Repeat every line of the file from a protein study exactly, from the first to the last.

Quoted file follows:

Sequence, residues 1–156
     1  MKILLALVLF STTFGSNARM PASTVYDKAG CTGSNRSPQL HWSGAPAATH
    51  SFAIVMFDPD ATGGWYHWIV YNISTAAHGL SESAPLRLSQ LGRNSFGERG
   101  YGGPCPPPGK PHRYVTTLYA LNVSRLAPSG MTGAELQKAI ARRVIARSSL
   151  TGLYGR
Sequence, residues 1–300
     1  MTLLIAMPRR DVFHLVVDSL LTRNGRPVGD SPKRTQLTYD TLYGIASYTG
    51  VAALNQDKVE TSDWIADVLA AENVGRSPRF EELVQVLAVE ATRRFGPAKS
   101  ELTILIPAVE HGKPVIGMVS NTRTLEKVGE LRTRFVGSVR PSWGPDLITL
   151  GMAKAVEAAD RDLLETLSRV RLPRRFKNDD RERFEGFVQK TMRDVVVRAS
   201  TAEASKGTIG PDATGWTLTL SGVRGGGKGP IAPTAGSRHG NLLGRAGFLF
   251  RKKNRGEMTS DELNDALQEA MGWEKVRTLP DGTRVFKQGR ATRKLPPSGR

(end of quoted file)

Sequence, residues 1–156
     1  MKILLALVLF STTFGSNARM PASTVYDKAG CTGSNRSPQL HWSGAPAATH
    51  SFAIVMFDPD ATGGWYHWIV YNISTAAHGL SESAPLRLSQ LGRNSFGERG
   101  YGGPCPPPGK PHRYVTTLYA LNVSRLAPSG MTGAELQKAI ARRVIARSSL
   151  TGLYGR
Sequence, residues 1–300
     1  MTLLIAMPRR DVFHLVVDSL LTRNGRPVGD SPKRTQLTYD TLYGIASYTG
    51  VAALNQDKVE TSDWIADVLA AENVGRSPRF EELVQVLAVE ATRRFGPAKS
   101  ELTILIPAVE HGKPVIGMVS NTRTLEKVGE LRTRFVGSVR PSWGPDLITL
   151  GMAKAVEAAD RDLLETLSRV RLPRRFKNDD RERFEGFVQK TMRDVVVRAS
   201  TAEASKGTIG PDATGWTLTL SGVRGGGKGP IAPTAGSRHG NLLGRAGFLF
   251  RKKNRGEMTS DELNDALQEA MGWEKVRTLP DGTRVFKQGR ATRKLPPSGR